Perform the Test
-Place your camera on a tripod and frame up your shot.
-Lock your aperture to f5.6 or f8.
-Take an image an every ISO setting. You’ll have to adjust your ISO and shutter speed to remain exposed correctly.
-At the completion of the test import your images into your computer and zoom into at least 200%.
-As your scroll around the pictures, you’ll see where noise has formed.
-For each scenario note the ISO ranges that are acceptable to you.
-Keep these ISO numbers in the back of your mind when you’re out shooting in the future.
Remember that it’s best practice to try and make the cleanest exposure in camera, but in certain situations you’ll have to photograph in high ISO ranges, knowing that you’ll get noisy images. Commonly used image editing software like, Lightroom and Photoshop have tools to reduce image noise, but remember it’s almost impossible to remove it completely. You’ll notice that the more you apply these corrections the more the final result will lead to unnatural looking images. To me, when too much of the noise correction filter is applied an image looks like it’s wrapped in plastic.
Example – Still life
You can see in both the original and magnified views that a significant amount of noise has developed in the ISO 2000 and 4000 images. This test informs us that for this particular camera the ISO should be kept under 2000 to achieve clean images. Consequently, this is all camera dependent. If you’re using a newer model, then you will be able to reach higher ISO’s with minimal noise.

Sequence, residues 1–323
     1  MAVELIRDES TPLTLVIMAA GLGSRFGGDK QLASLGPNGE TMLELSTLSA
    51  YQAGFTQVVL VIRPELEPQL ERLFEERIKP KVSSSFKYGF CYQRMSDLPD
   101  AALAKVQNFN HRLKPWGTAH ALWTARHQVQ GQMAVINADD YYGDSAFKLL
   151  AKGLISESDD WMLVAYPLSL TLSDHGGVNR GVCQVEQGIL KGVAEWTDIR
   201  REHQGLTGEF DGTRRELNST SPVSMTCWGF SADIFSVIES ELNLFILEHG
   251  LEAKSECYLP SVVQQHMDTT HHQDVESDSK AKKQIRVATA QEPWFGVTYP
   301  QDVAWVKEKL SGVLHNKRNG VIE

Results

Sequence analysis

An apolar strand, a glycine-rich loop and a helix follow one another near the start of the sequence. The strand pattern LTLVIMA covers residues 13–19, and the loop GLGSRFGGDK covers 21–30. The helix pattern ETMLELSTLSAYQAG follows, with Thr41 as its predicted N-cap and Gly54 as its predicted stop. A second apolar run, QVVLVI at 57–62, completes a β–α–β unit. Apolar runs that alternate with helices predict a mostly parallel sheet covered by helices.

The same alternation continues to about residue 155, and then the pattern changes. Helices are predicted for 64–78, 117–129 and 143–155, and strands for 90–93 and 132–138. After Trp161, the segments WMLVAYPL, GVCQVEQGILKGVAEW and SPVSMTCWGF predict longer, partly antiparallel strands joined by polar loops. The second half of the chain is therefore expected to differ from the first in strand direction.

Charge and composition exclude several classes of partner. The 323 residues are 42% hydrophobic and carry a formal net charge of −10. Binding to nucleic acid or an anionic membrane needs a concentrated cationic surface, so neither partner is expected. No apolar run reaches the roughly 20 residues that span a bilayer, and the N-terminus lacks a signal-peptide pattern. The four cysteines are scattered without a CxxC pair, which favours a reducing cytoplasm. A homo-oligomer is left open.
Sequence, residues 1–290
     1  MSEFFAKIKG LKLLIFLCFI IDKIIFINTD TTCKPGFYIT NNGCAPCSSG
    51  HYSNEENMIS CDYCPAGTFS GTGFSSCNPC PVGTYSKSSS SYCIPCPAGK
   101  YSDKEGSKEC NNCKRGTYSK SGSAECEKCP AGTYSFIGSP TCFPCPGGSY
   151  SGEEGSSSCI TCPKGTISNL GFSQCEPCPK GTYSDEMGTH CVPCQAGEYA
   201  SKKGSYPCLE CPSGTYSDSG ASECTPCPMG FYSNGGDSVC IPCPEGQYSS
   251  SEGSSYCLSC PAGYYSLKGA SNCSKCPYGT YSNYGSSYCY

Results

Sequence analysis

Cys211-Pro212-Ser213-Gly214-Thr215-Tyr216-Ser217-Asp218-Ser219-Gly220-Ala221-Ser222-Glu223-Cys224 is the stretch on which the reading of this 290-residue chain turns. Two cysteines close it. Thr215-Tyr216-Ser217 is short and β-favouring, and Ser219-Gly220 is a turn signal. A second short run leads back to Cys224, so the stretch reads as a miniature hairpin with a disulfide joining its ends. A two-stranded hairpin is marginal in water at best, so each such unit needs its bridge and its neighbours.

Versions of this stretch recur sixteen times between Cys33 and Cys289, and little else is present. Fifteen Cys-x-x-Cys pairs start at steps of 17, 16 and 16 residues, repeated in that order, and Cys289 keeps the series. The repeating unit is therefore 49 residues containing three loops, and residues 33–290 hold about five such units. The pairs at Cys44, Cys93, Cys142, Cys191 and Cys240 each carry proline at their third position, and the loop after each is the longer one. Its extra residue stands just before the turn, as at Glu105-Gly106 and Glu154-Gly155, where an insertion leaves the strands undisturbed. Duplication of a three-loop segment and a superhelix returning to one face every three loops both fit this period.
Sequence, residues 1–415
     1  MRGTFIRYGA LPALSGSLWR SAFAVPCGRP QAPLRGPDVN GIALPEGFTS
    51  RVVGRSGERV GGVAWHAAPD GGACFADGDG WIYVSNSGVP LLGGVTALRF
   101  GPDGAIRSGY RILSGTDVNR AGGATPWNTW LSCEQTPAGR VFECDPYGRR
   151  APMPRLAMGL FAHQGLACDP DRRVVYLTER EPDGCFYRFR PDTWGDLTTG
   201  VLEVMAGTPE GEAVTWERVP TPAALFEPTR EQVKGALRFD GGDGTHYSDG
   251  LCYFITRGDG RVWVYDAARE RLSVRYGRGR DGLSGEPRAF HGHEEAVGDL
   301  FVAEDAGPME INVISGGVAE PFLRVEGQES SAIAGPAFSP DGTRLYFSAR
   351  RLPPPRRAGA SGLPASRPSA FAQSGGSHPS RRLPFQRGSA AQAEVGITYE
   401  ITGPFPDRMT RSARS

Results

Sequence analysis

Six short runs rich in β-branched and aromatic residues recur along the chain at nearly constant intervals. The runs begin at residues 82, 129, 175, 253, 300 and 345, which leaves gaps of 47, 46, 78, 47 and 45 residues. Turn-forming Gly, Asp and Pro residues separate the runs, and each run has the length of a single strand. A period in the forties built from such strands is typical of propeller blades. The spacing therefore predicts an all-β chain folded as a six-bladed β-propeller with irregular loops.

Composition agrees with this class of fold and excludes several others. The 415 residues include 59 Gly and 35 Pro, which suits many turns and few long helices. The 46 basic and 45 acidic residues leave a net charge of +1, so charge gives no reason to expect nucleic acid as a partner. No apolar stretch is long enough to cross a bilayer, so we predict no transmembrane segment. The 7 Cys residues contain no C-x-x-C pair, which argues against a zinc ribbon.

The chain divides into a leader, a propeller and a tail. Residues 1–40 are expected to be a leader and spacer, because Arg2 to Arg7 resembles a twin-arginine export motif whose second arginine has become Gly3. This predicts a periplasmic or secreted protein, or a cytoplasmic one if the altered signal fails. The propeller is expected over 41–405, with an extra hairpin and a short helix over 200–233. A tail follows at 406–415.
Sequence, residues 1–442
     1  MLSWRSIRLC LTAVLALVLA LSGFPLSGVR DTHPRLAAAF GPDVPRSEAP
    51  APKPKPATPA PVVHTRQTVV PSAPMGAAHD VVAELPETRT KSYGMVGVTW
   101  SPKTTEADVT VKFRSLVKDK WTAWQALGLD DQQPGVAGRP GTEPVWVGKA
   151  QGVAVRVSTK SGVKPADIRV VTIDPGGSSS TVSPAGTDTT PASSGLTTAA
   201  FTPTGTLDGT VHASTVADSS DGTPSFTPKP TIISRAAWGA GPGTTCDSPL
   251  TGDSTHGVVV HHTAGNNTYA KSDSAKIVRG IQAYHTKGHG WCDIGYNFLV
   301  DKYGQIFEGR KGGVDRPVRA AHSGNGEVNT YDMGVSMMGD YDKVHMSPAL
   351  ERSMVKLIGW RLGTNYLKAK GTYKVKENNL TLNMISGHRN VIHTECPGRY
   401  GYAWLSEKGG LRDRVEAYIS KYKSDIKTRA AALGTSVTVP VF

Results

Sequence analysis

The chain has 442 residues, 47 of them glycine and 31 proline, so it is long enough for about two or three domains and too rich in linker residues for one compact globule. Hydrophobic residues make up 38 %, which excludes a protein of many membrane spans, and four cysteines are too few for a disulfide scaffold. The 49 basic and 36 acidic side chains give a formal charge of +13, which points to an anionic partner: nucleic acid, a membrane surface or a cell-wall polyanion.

The Difference Between Noise and Grain
In the days of film, photographers would often photograph in high ISO(ASA) speed films to get the effect of grain. Depending on the subject matter grain can add to the aesthetic of the picture. Digital noise is much different visually and technically than grain and should never be used as an aesthetic feature. Film grain is developed by chemical crystals suspended in the film stock and is various sizes and shapes. Digital noise is generated from increasing the voltage to the digital camera’s sensor and will be in the form of the pixel. Due to the process in which digital noise is produced you’re degrading both the color and tonal range of the file as you increase the ISO. If you are looking for a classic film grain aesthetic, make the cleanest possible image in camera and apply a filter or preset later in post production.
What Does ISO actually stand for
Popular belief is that ISO is an acronym for International Standards Organization, but that is incorrect. The term ISO comes from the International Organization for Standardization. So why isn’t the acronym IOS? We will let them explain. “Because ‘International Organization for Standardization’ would have different acronyms in different languages (IOS in English, OIN in French for Organisation internationale de normalisation), our founders decided to give it the short form ISO. ISO is derived from the Greek isos, meaning equal. Whatever the country, whatever the language, we are always ISO.” – www.iso.org